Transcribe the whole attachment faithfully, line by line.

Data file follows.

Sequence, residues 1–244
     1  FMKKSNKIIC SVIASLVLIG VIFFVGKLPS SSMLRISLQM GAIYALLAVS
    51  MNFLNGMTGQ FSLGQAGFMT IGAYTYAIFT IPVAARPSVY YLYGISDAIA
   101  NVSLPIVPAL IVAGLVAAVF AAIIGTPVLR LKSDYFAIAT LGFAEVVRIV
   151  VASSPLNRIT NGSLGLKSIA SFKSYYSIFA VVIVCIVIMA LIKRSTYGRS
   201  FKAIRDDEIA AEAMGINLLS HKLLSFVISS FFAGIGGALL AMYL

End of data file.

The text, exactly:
Sequence, residues 1–244
     1  FMKKSNKIIC SVIASLVLIG VIFFVGKLPS SSMLRISLQM GAIYALLAVS
    51  MNFLNGMTGQ FSLGQAGFMT IGAYTYAIFT IPVAARPSVY YLYGISDAIA
   101  NVSLPIVPAL IVAGLVAAVF AAIIGTPVLR LKSDYFAIAT LGFAEVVRIV
   151  VASSPLNRIT NGSLGLKSIA SFKSYYSIFA VVIVCIVIMA LIKRSTYGRS
   201  FKAIRDDEIA AEAMGINLLS HKLLSFVISS FFAGIGGALL AMYL